Making sushi while couchsurfing!
Now that I have been in Australia a full 24 hours, it is time for some initial impressions so that I can look back on them later and laugh.
I have started surfing... couches! It's much too cold for surfing in the ocean, and besides I have terrible balance. Couchsurfing is what I would call a movement-- awesome people building essentially a global community through shared experiences-- facilitated by the website www.couchsurfing.org. It's not an outlet for free places to stay, it's about meeting people and sharing their home and hometown, doing the same for others in your hometown, or even just meeting for coffee or a drink with a passing traveler. I'm staying with a really neat girl in Marrackville, a quiet Vietnamese and Greek neighborhood in southwest Sydney. Last night we had a lot of fun chatting while making sushi and sharing a bottle of wine at her house. She has a sweet kitten named Pixie, worm composting in the backyard, and awesome stories from her travels in Thailand and Morocco and Norway. I now have a set of keys, full access to the vegemite in the fridge, and leftover sushi for lunch. Loving this!
Yesterday I spent the day wandering around the harbor area looking for all the world like a silly tourist. I became obsessed with photographing awesome-looking but common birds in the park, which Im sure is the equivalent of fawning over squirrels and pigeons in the US. Cockatoos (cockatoos!) are everywhere here. They seem to enjoy making the most blood-curdling screeches as they swoop past your head for sport. Haha! They clearly scorned my fresh-off-the-boat ways. I spent about an hour in the Royal Botanic Gardens (once the government farm back when Sydney was a penal colony) trying to find two trees that would be good to hang my hammock from, but it seems they anticipated this sort of renegade behavior and spaced the trees accordingly. Probably for the best, since it was a little too chilly to comfortably hang out in a hammock for long.
Just when I was feeling the serious fatigue also known as jet lag start to set in, the Art Gallery of New South Wales appeared and beckoned to me with its warmth, free exhibits, and clean bathrooms. The basement, where they keep the Aboriginal art, was my favorite. I learned a lot by eavesdropping on a guided tour, but there are so many concepts that I need to learn more about: "dreaming," the significance of using dots (one painting was a series of lines depicting a spear straightening ceremony, but if you looked closely the lines were all made up of dots), the meanings behind decorated logs where the ashes of ancestors are kept, etc. Hopefully I'll learn some of this at the Australian Museum today.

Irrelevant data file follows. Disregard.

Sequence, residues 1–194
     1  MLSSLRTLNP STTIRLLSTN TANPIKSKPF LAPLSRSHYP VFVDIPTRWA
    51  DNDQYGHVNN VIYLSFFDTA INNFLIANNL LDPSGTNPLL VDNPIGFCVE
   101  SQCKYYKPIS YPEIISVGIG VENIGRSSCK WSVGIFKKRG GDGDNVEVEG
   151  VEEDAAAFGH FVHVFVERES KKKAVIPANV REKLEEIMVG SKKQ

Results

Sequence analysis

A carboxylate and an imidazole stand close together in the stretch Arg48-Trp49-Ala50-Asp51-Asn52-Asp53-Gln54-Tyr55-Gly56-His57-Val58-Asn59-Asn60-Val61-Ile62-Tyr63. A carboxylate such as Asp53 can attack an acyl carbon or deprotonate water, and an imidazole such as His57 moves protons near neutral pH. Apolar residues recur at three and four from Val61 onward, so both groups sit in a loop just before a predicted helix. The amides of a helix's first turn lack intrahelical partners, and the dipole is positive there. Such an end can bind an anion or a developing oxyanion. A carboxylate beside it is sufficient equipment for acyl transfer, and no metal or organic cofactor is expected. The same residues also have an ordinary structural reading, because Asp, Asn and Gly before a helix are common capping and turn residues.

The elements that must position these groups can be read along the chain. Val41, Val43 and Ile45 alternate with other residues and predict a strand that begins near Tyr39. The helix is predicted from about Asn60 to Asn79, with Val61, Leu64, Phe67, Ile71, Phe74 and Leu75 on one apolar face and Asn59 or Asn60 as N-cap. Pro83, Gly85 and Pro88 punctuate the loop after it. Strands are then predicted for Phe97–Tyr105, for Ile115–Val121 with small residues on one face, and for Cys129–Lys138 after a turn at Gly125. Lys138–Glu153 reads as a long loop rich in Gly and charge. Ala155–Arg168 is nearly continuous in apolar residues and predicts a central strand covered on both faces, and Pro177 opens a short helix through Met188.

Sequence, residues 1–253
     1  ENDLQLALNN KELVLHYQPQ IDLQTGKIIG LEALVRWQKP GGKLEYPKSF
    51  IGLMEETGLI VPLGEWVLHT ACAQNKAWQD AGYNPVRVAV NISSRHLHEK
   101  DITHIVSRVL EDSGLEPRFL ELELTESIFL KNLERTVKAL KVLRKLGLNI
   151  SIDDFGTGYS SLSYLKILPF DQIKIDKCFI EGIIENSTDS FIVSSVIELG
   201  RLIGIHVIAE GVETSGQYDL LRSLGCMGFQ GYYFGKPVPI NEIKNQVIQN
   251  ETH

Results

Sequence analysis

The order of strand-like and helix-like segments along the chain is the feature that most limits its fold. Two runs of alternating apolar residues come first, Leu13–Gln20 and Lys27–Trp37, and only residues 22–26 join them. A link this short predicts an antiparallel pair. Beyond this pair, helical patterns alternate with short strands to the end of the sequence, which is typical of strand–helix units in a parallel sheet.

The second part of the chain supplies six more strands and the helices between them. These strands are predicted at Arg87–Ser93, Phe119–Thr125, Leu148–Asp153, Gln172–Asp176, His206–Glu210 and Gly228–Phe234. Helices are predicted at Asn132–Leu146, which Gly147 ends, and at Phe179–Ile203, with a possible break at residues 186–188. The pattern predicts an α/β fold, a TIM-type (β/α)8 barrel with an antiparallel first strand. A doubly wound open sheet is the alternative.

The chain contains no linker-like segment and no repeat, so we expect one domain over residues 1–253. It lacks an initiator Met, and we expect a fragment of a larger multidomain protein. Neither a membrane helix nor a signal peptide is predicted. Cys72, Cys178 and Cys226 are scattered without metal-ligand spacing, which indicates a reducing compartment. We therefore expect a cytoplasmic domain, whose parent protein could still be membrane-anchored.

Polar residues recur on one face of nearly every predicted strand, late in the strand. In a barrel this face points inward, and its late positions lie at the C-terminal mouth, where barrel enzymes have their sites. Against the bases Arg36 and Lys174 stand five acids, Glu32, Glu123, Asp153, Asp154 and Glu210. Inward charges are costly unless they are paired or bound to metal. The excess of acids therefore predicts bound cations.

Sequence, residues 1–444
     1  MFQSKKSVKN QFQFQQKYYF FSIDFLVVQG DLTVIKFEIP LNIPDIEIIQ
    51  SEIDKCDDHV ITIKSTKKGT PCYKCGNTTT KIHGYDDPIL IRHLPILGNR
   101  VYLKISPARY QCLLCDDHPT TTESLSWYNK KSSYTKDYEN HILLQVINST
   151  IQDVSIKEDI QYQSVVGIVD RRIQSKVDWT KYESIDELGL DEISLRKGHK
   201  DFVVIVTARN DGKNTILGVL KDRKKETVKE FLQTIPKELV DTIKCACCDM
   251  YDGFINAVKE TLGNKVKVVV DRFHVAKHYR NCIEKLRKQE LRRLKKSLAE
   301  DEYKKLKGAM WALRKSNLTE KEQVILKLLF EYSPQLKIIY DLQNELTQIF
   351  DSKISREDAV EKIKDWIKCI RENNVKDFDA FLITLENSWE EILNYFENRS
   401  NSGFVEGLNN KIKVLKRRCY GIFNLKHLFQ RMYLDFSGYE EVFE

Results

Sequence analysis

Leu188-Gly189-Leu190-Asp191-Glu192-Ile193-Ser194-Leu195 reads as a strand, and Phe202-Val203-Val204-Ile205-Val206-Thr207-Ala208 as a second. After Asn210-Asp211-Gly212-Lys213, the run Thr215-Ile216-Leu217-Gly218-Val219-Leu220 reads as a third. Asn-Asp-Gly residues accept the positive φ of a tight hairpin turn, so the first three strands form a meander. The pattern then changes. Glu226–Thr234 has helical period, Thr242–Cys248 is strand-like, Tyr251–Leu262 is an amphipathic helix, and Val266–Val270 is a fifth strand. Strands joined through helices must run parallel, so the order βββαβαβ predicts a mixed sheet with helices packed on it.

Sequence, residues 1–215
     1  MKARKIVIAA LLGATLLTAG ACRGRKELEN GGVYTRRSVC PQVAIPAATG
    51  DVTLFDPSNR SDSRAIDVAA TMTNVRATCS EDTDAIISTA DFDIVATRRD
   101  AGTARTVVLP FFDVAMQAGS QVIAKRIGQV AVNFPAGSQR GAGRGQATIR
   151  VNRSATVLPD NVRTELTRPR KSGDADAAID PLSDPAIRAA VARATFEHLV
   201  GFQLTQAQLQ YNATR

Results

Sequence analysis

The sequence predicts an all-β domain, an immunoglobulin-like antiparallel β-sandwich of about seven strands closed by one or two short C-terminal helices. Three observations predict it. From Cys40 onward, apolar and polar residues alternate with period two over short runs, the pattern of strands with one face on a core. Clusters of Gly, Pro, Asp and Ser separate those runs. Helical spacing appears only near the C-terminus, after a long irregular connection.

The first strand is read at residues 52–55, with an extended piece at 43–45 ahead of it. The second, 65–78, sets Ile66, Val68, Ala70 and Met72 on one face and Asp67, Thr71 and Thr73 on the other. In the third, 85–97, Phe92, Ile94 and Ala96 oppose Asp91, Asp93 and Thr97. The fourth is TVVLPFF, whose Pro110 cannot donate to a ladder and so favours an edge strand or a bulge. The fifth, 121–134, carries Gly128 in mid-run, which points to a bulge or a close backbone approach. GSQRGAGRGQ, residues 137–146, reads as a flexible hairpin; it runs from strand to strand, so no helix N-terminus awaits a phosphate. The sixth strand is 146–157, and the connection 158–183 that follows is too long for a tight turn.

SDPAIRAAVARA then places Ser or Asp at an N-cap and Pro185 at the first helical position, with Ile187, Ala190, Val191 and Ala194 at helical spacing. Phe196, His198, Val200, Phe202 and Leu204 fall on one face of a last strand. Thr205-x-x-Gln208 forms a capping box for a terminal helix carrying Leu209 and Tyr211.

Sydney isn't what I expected from looking at maps and pictures. From my one day of experience thus far, it is much more compact and friendly than all the talk about the city as a busy metropolis leads you to believe. After two hours I fully expected to run into Nate Looney while wandering around downtown at lunchtime. That's how cozy it feels. I made friends in crosswalks, on footpaths in the park, and at restaurants. Really. One retired gentleman I met in a crosswalk even let me come along with him to a free lunchtime concert at the Conservatorium of Music. On the train, people notice your existence (all in a friendly way of course). The one place I did not find folks to be so warm was, ironically, the Visitor Information Center.
Off for another intrepid adventure! Today: Australian Museum, ferry to Manly beach, perhaps a film at the Sydney Film Festival, dinner and hanging out with Nate, and drinks at the pub with my couchsurfing host and her friends!